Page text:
The statement 'reliable records go back to 1880' refers to records of global-mean, annual-mean, temperature. (See http://hadobs.metoffice.gov.uk/hadcrut3/diagnostics/comparison.html - most of these start in 1880). This is the highest-profile scientific product made from our observations (and many others) - it's how we track global warming. When we make such products from all the observations we calculate not only our best guess at the answer, but also how uncertain that best guess is - we produce error-bars. But lots of users don't like uncertainty estimates, they say 'just give us the best estimate for times when that estimate can be treated as reliable, so we don't have to worry about the error-bars' and for those people we say 'just use the data after 1880 - there are still uncertainties, but we are pretty confident the best-estimate is not very wrong'.
That means that if we rescue observations after about 1880 they are unlikely to make a large difference in our estimates of global warming, and if we rescue observations from earlier than 1880, they might make a large difference. But in reality it's not a hard cut-off, we want to reduce uncertainties at all times.
Even more important, the global-mean, annual-mean temperature is not the only thing we are interested in. We also need to know the temperature at 11a.m on May 3rd in Tianjin - how has that changed over the last 100+ years? is spring getting earlier in that location? And for this specific question reliable data don't start in 1880 (more like 1960). And there's nothing special about Tianjin, or May 3rd; we need all times, all places, and the wind, pressure, rain, ..., as well as temperature.
So the early data are more useful for global-mean estimates - but the later data are more useful for local weather estimates, we really do need both. Whatever observations we rescue, someone will use them.

AvastMH

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Re: Pre 1880 records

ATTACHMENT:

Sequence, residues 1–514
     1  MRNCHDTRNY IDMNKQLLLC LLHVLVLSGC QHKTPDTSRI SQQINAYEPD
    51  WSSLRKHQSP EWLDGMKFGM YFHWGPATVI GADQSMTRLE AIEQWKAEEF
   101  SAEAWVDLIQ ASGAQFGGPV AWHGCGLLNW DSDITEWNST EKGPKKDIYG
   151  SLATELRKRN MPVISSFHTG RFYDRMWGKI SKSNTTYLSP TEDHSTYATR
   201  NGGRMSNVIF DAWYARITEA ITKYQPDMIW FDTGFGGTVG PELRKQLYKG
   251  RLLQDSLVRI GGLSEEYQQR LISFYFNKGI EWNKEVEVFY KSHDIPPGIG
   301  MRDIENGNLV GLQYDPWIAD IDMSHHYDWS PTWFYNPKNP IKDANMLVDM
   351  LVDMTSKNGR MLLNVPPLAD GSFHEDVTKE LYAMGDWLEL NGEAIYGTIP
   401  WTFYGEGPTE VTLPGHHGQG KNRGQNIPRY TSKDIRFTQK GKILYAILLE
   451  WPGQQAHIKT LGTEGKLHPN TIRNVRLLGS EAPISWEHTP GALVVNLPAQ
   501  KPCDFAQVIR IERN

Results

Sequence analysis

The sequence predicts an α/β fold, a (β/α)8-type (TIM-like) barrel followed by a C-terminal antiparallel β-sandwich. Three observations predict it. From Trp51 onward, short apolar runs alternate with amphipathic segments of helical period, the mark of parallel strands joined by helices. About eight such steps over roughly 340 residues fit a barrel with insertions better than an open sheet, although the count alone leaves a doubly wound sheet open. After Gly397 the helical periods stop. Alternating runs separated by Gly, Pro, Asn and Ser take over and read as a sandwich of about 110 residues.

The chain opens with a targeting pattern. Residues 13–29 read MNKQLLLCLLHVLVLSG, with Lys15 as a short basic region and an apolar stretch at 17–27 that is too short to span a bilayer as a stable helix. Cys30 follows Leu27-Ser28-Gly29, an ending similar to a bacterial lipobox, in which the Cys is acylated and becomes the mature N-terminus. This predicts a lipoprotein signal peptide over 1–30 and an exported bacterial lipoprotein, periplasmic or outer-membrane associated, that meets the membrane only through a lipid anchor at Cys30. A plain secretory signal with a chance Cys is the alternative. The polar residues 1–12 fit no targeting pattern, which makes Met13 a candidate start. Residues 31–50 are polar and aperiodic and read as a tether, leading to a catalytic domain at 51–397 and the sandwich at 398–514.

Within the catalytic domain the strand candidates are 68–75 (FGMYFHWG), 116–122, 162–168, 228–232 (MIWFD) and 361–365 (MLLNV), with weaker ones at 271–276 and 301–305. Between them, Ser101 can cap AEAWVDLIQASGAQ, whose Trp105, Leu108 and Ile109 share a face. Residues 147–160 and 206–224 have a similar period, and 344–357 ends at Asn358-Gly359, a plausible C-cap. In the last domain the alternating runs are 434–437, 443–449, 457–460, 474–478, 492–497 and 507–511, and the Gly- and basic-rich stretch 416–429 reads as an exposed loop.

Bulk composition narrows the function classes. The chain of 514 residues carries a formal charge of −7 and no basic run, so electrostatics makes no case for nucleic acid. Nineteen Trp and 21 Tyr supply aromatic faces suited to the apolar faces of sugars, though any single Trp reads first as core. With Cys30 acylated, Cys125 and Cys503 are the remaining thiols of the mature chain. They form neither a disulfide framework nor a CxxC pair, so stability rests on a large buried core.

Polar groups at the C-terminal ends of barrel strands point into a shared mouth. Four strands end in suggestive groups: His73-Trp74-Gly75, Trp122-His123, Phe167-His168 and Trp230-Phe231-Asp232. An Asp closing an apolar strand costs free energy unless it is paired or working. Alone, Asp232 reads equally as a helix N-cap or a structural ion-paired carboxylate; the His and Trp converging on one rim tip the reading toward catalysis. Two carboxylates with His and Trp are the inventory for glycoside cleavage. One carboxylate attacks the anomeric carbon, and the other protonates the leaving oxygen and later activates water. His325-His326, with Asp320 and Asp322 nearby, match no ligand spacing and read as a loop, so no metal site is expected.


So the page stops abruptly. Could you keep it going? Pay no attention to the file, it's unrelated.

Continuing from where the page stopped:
« Reply #4 on: May 03, 2016, 12:50:07 pm »
Thank you Philip  :)

Danny252

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Re: Pre 1880 records
« Reply #5 on: May 04, 2016, 02:50:40 am »
But lots of users don't like uncertainty estimates, they say 'just give us the best estimate for times when that estimate can be treated as reliable, so we don't have to worry about the error-bars' and for those people we say 'just use the data after 1880 - there are still uncertainties, but we are pretty confident the best-estimate is not very wrong'.

Assuming that those users are other scientists, I must admit I find it slightly shocking to hear that they actively avoid the use of error bars! Certainly in my field (astronomy), not using the uncertainties associated with a measurement wouldn't get you very far in your career.

(Of course, the calculation/estimation of uncertainties is difficult for old data in astronomy as well - but you've done that hard bit for them already!)

Zovacor

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Re: Pre 1880 records
« Reply #6 on: May 15, 2016, 01:50:05 am »
Thanks for the detailed answer!

Zovacor

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Re: Pre 1880 records
« Reply #7 on: September 02, 2016, 03:21:57 am »
On a similar vein, I ran across this today.
https://www.wired.com/2016/08/quickly-climate-change-accelerating-167-maps/

Increasing red and decreasing grey.

mapurves

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Re: Pre 1880 records
« Reply #8 on: September 02, 2016, 04:05:35 am »
On a similar vein, I ran across this today.
https://www.wired.com/2016/08/quickly-climate-change-accelerating-167-maps/

Increasing red and decreasing grey.

That is powerful! and scary   :'(

AvastMH

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Re: Pre 1880 records
« Reply #9 on: September 03, 2016, 12:09:40 am »
On a similar vein, I ran across this today.
https://www.wired.com/2016/08/quickly-climate-change-accelerating-167-maps/

Increasing red and decreasing grey.

 :o :o :o
 :-[ :-[ :-[
 :'( :'( :'(

Totally scary  :-X